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Hiding Drive Letters

September 24th, 2005 by Jim

Sometimes it is useful to hide or deny access to drive letters in My Computer and the Windows Explorer. This is often desired if you have a swap partition or scratch partition that you do not want in the way, or when a multi card reader creates drive letters you simply will not be using. Or maybe you just have something to hide… 🙂

There are two ways to achieve this goal. The first method is easier and limited, while the second method is powerful and considerably more complicated.

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Multiple downloads, the easy way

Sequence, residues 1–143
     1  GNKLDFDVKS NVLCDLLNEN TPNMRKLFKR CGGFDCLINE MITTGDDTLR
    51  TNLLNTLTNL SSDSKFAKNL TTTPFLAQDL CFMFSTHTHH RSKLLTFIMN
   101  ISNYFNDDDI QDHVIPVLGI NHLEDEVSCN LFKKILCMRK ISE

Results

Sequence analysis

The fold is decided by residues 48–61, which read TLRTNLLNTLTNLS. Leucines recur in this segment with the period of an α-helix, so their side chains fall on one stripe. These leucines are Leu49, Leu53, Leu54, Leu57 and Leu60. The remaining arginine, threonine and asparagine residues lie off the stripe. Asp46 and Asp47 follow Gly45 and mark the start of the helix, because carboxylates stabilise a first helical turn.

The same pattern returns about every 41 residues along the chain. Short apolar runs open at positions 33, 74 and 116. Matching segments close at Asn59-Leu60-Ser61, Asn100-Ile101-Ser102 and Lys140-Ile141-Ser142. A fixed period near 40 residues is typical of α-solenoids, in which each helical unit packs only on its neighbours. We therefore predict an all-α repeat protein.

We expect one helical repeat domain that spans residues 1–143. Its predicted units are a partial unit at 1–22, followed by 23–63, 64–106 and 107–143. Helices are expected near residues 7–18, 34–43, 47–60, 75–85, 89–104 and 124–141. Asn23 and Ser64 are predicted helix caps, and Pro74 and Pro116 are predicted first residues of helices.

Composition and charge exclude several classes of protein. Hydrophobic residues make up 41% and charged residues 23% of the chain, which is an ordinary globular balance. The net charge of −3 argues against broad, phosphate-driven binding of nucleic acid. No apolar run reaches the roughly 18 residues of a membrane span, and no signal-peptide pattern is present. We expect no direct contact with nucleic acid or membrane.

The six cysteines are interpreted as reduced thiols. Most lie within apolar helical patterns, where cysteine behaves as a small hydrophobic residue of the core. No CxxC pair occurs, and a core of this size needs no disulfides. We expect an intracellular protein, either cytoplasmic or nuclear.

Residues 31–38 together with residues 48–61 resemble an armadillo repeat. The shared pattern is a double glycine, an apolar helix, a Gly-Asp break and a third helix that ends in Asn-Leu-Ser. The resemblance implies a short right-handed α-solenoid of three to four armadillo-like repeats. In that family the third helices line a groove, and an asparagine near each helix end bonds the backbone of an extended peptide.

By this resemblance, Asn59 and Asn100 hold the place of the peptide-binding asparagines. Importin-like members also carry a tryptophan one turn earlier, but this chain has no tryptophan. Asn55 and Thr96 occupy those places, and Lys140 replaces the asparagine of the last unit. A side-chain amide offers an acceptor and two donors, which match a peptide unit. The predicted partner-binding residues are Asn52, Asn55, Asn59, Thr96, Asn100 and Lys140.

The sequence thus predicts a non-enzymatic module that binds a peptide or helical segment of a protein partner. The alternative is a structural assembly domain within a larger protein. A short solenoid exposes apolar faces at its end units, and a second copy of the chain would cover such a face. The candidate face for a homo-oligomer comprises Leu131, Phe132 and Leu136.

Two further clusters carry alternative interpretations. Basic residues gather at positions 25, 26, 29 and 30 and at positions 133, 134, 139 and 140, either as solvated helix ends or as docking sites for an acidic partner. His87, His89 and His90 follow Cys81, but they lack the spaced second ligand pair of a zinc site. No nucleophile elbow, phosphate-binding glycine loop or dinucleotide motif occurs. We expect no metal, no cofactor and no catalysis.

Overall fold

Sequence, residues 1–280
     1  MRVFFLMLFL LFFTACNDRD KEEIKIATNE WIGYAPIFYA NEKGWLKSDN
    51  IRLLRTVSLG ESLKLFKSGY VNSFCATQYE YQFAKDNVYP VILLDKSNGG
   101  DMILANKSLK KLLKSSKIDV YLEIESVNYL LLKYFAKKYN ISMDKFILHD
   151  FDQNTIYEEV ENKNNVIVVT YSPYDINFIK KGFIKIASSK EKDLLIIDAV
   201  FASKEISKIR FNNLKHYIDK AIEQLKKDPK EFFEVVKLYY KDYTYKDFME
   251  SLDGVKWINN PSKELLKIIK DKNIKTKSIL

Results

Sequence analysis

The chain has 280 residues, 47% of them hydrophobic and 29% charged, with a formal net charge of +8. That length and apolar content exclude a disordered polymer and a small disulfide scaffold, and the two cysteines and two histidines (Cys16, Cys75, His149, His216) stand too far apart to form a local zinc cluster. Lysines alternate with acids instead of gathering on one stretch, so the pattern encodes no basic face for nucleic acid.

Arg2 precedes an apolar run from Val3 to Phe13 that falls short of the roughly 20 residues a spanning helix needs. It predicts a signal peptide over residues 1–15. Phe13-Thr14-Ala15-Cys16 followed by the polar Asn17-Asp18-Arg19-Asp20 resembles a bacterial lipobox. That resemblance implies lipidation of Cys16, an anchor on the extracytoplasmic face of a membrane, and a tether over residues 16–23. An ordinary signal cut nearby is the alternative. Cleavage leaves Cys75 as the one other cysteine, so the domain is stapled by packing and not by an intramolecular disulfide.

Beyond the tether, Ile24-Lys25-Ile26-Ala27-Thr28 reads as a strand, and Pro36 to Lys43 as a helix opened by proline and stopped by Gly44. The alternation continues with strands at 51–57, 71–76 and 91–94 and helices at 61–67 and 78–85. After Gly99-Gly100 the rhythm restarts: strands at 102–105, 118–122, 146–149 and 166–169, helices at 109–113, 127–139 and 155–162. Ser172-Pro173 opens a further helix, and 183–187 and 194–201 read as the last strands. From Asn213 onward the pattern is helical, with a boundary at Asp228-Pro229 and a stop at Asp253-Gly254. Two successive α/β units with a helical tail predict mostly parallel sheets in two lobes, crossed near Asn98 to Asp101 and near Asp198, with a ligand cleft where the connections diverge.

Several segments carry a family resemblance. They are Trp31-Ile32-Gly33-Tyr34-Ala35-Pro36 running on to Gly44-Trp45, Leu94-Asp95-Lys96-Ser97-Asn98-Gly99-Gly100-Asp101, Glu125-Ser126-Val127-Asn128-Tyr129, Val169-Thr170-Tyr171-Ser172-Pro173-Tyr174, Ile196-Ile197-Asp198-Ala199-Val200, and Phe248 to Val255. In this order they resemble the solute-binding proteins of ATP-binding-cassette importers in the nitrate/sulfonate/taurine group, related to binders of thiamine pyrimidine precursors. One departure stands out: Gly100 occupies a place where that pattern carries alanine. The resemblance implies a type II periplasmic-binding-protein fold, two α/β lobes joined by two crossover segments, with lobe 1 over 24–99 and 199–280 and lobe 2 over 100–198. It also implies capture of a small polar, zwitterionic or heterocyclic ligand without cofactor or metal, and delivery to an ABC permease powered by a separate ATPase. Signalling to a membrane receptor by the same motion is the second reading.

August 25th, 2005 by Jim

Have you ever needed to download many files from a single webpage, but found it too cumbersome (click, save as, click, save as, etc…)? This is commonly the case if you want to save all pictures in a gallery, or need to download an archive that has been split into multiple parts.

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Accessing the “Security” tab in Windows XP Home

August 24th, 2005 by Jim

Windows XP Home is a nice cheaper alternative to Windows XP Professional. The differences between XP Home and Pro are mostly business-oriented concepts, so I generally recommend XP Home for anyone who does not need to logon to a Windows domain. Simple enough…

However, the major drawback for using XP Home is the lack of control over the file permissions. 90% of the people that I recommend XP Home to will never notice the difference. For the remaining 10% who wonder why saving money on Windows XP means loosing a very crucial feature of any modern OS, there is hope for you!